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Last updated: March 22, 2023
Traditional Japanese cultural beliefs dictate that the first meal of the day should include a well-rounded assortment of foods to provide nutrients and energy.
Only with this kind of breakfast in your stomach will you be able to face the day with energy and grace.
With that in mind, it’s no surprise that typical Japanese breakfast foods are nothing like those found in most Western households.
In this article, we’ll look at 10 staples of Japanese breakfasts and discuss their origins and recipe ideas.
Top 10 Japanese Breakfast Ideas
Looking to add some variety to your breakfast habits? Check out the following ten popular Japanese breakfast foods.
Read my guide to Japanese food culture facts to learn more about the exciting world of Japanese cuisine.
Tofu almost always makes an appearance at breakfast in Japan. If fish is served as the main protein, then tofu may be limited to just being included in miso soup. But when fish isn’t served, tofu typically fills the role of being the main protein source.
As with most foods at this meal, the flavoring used for breakfast tofu is typically mild. The cubes may be sauteed in soy sauce or sesame oil, and are typically topped with a little grated ginger or garlic, or Japanese green onion.
The tofu can be eaten alone or used to top the rice or porridge dish. It can also be mixed with pickled or cooked vegetables.
This first Japanese breakfast item may look familiar in text, but it can differ greatly in presentation.
In traditional Japanese breakfasts, eggs are typically used to create tamagoyaki. Also known as a Japanese rolled omelet, this sweet yet savory dish consists of eggs, soup stalk or mirin, and a sprinkle of sugar. Other ingredients, including vegetables and seaweed, can also be added.
The egg mixture is cooked thin like a crepe, then rolled over itself to create a thick, layered omelet. The final product has a slightly mushy, custard-like texture that is different from scrambled eggs. Alternatively, eggs can be simply fried and used as a side or topping in traditional Japanese breakfasts.
Eggs bring plenty of nutrients to the table. They are loaded with protein, minerals, and vitamins, and when mixed with traditional Japanese soup stock (dashi), you’ll also get a healthy dose of probiotics.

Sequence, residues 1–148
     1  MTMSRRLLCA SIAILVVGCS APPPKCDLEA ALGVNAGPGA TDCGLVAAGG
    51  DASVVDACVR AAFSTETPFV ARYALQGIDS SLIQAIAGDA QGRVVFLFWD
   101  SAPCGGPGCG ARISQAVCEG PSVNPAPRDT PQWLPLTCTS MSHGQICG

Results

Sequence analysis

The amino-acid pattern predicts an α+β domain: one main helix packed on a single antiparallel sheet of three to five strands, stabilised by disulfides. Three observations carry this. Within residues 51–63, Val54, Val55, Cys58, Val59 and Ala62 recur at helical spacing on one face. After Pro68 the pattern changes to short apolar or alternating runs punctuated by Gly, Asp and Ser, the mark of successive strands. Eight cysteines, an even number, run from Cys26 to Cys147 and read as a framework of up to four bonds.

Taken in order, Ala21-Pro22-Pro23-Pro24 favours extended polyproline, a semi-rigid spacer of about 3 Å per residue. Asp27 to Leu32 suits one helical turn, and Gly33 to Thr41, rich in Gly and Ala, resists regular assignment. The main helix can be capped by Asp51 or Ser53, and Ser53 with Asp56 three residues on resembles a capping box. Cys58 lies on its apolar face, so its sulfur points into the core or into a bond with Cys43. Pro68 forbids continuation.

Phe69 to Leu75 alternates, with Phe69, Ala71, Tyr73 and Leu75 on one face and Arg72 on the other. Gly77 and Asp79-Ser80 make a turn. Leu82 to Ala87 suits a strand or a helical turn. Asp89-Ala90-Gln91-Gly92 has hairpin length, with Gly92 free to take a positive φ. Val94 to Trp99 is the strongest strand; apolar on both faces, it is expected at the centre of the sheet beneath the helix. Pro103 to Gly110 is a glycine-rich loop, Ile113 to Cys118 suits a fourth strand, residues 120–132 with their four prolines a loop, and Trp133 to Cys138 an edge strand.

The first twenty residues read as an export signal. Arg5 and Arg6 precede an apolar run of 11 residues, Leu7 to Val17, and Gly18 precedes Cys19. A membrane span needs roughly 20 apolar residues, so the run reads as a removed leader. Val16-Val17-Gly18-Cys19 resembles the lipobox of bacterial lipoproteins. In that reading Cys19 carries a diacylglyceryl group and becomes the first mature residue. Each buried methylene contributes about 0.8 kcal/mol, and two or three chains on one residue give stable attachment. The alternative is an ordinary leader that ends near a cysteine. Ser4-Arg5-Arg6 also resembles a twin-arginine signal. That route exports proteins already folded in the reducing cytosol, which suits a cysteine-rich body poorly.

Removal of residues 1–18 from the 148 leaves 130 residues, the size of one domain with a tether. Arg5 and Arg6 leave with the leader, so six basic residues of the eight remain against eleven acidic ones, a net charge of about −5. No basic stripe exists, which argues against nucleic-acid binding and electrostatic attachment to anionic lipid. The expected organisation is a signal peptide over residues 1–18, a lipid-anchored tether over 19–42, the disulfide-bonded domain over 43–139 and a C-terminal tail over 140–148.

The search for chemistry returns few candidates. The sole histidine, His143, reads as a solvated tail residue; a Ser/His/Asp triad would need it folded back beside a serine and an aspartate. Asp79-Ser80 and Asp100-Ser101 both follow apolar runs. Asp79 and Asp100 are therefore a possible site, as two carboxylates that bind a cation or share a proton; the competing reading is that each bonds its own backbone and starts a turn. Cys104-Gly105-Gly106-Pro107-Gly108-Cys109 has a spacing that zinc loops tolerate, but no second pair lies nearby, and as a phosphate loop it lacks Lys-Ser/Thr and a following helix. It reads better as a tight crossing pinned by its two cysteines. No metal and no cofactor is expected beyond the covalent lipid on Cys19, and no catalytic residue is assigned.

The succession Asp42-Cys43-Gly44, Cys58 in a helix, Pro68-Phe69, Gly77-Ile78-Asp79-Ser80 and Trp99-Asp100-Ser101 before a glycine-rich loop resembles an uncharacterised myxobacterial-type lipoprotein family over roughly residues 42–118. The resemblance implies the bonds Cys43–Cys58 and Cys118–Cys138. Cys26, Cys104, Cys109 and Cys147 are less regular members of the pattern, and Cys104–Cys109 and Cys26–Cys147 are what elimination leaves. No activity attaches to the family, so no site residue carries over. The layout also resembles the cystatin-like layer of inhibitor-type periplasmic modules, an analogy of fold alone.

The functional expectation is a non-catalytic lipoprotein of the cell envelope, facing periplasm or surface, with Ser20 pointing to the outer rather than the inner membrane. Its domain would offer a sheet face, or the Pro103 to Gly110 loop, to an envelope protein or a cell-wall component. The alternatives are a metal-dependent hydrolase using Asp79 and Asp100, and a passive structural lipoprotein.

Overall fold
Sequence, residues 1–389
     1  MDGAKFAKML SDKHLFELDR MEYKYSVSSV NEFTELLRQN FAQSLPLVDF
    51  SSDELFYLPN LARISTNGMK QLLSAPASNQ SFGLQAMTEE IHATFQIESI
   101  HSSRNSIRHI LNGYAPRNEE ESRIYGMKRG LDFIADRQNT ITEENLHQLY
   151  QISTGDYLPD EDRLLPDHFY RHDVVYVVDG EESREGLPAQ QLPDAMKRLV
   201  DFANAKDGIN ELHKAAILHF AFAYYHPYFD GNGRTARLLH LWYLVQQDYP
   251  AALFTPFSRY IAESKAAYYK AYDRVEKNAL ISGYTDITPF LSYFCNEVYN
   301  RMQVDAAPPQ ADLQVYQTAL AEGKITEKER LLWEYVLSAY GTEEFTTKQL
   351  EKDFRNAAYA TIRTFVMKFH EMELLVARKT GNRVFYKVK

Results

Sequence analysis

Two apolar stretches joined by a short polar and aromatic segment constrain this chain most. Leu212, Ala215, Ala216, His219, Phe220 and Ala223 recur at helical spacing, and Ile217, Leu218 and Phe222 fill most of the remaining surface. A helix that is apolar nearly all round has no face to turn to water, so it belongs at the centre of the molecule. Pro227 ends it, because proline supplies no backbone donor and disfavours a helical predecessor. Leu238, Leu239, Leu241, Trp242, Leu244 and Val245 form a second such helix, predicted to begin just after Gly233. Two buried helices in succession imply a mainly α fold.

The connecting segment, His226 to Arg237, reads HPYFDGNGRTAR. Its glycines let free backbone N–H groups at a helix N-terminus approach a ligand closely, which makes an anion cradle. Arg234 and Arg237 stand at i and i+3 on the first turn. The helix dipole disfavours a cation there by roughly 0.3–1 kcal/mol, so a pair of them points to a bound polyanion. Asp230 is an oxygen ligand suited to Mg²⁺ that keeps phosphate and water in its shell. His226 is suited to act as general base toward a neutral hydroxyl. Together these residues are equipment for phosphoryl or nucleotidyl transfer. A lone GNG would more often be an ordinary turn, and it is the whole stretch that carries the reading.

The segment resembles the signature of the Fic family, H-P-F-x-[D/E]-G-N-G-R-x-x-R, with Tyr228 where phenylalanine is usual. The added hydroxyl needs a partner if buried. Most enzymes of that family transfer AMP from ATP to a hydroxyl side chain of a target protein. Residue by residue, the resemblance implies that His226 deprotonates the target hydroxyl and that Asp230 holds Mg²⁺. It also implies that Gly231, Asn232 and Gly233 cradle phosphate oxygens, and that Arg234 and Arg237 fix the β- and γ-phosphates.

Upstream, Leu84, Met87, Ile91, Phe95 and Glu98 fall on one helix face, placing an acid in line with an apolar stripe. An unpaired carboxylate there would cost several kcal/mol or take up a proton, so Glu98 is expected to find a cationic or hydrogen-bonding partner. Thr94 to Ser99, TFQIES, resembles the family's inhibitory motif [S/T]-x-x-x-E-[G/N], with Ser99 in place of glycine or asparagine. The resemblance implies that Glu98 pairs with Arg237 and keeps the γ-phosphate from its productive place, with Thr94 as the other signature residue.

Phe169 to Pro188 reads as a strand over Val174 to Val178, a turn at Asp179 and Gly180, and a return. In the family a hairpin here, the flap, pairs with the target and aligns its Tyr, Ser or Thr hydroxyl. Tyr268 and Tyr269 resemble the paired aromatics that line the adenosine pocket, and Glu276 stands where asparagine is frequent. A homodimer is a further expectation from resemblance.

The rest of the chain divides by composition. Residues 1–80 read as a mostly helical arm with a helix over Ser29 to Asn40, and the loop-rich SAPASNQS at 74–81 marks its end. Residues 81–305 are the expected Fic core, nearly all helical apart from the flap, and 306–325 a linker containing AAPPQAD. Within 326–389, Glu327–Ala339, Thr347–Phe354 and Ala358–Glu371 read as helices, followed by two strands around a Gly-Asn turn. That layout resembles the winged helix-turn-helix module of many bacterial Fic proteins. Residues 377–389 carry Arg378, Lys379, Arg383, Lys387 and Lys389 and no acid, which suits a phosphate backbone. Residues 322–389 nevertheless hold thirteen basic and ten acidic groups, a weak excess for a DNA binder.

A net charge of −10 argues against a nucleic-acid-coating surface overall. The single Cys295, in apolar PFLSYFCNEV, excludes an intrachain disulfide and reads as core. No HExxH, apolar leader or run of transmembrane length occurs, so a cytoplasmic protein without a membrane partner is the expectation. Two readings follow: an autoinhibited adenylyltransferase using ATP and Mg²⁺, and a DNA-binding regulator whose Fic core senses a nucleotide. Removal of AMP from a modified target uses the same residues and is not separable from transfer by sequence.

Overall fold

3. Pickled Vegetables
Called tsukemono in Japan, pickled vegetables are a common side dish on the breakfast table. Typically, this dish contains just one or two types of vegetables. Cucumbers, daikon, carrots, and cabbage are the most popular choices.
Also common is umeboshi, or pickled ume. This fruit, which is closely related to apricots, is more salty and sour when pickled than it is sweet.
Unlike most pickled vegetables in America, tsukemono is made without vinegar. Instead, the vegetables are brined using salt and soy sauce, miso, or rice bran.
Pickled vegetables are usually served alone but often dished up as a topping for steamed rice or rice porridge.
In addition to pickled veggies and seaweed, breakfast also usually comes with a side of raw or cooked vegetables.
These veggies can be prepared in a number of ways. Simple steamed vegetables are common, but so are raw salads topped with dressing and blanched veggies drizzled with oil.
The most common vegetables you’ll find at a Japanese-style breakfast include eggplant, green beans, broccoli, cucumbers, and kabocha.
Read my guide to popular vegetables in Japan to learn more about Japanese veggies and how they are used in recipes.
Fish is a staple of Japanese cuisine, so it should come as no surprise that it makes an appearance at the breakfast table as well.
The most common type of fish for this meal is salmon. It is typically simply prepared with only added salt or as sashimi. Grilled mackerel is also very popular for the first meal of the day.